We are facing a global economic crisis. And no one knows what to do about it | Philip Inman

Back in February, many investors were betting that the massing of Russian troops on the Ukrainian border was nothing more than an elaborate hoax.

The Russian and Ukrainian currencies rose in value as hedge funds and private equity firms, signaling their belief in some form of emerging peace agreement, and they confidently bought the Ukrainian ruble and hryvnia.

Today there is an ongoing war that has effectively locked up raw materials and foodstuffs that the two countries usually export, and no one knows when the conflict will end.

illustrated by The collapse in global stock markets And the Slippage of cryptocurrency values Investors are terrified of uncertainty. Stocks in the US, where the S&P 500 index has fallen by nearly a quarter since January, suffered their worst start to a year in 60 years.

We’ve seen panic before, particularly after the crash of 2008. Investment firms, despite their reputations as the savvy custodians of pension fund money, always hit the sell button at the first sign of trouble. Collectively, it leads to defeat.

Seasoned policy makers know how to respond in such turbulent times, and this is to do whatever it takes to reassure investors that their money is safe. Western governments dumped their reserves, and when that cash ran out, they borrowed heavily to maintain a stable outlook for their economies. Vital support has arrived in the form of cheap central bank borrowing. With low interest rates acting like the cavalry in a John Wayne movie, everyone could rest assured that the panic would be short-lived.

Not anymore. This time there is a real war, not just a financial war, and no one knows exactly what to do. The major powers cannot agree on how to fight it and policymakers cannot agree on how to deal with the fallout, especially the shortages of raw materials and food from Ukraine and Russia. Pushing inflation to 10% and beyond.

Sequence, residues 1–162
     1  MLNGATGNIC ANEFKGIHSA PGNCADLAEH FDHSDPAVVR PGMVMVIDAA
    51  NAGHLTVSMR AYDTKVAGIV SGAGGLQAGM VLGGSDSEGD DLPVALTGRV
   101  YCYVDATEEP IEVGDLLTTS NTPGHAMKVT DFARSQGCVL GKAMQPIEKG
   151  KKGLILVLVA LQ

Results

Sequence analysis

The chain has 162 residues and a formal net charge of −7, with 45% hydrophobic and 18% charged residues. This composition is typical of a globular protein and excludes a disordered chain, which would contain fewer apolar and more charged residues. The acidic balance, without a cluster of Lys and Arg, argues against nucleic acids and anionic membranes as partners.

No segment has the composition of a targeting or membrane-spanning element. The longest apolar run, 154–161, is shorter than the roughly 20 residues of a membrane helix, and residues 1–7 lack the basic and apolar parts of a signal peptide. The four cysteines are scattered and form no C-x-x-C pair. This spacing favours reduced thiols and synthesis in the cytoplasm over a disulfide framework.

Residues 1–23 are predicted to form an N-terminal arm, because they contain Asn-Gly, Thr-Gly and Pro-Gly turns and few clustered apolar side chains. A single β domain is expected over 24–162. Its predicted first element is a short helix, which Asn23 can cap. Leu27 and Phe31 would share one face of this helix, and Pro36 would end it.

In particular, central banks have lost their nerve. Instead of being reassuring, they add to the sense of panic by increasing the cost of borrowing. As one analyst said about the US central bank’s decision Raising interest rates by 0.75 percentage points Last week: “The Fed will raise interest rates until policy makers break inflation, but the danger is that they also break the economy.”

Thursday, the Bank of England Pay the prime rate to 1.25% After a period of more than a decade during which it has never risen above 0.75%. Some analysts believe the base rate will rise to 3% by the end of next year after Threadneedle Street put tackling inflation above sustainable growth.

We know that increasing the cost of borrowing in the UK, the Eurozone and the US, which we are seeing right now, will do nothing to bring prices down.

Inflation is a scourge caused by Russia’s invasion of Ukraine and, to a lesser but significant degree, by China’s difficulties with Covid after its failures to develop a vaccine, which caused frequent shutdowns and disruptions at ports. In the UK, Brexit adds another big development as it has hurt trade and reduced the number of workers available.

The justification for higher interest rates, then, must lie elsewhere, and central banks, to justify their cramping at work, argue the need to move forward to avoid a wage spiral — in which wages exceed inflation.

In Britain, this argument assumes that, to prevent a decline in personal living standards, the average worker will be able to negotiate a wage deal that beats the BoE’s latest forecast of a peak in inflation later this year at 11%.

When the government is expected to limit public sector salary increases to between 0% and 3% this year, this means that increases in the private sector will have to be even higher – around 12% or 13% on average. These levels of high wages fiction. The power of workers, with the exception of a few separate enclaves in the labor market, is a mirage.

With that said, it seems likely that the bank will go ahead anyway, leaving anyone looking for reasons to remain confident about switching to Rishi Sunak.

The advisor has made it clear that he values ​​financial integrity above all open commitments “whatever it takes” to bolster confidence. He has warm words to investors about lower business taxes, special visas for foreign businessmen and a reheated Thatcher plan to increase the number of workers by forcing more of those who receive benefits to look for work.

This is a weak set of small policies that will do little to improve the mood for companies looking to invest in the UK. No wonder the pound has fallen. Few investors want to buy Brits right now, and who can blame them?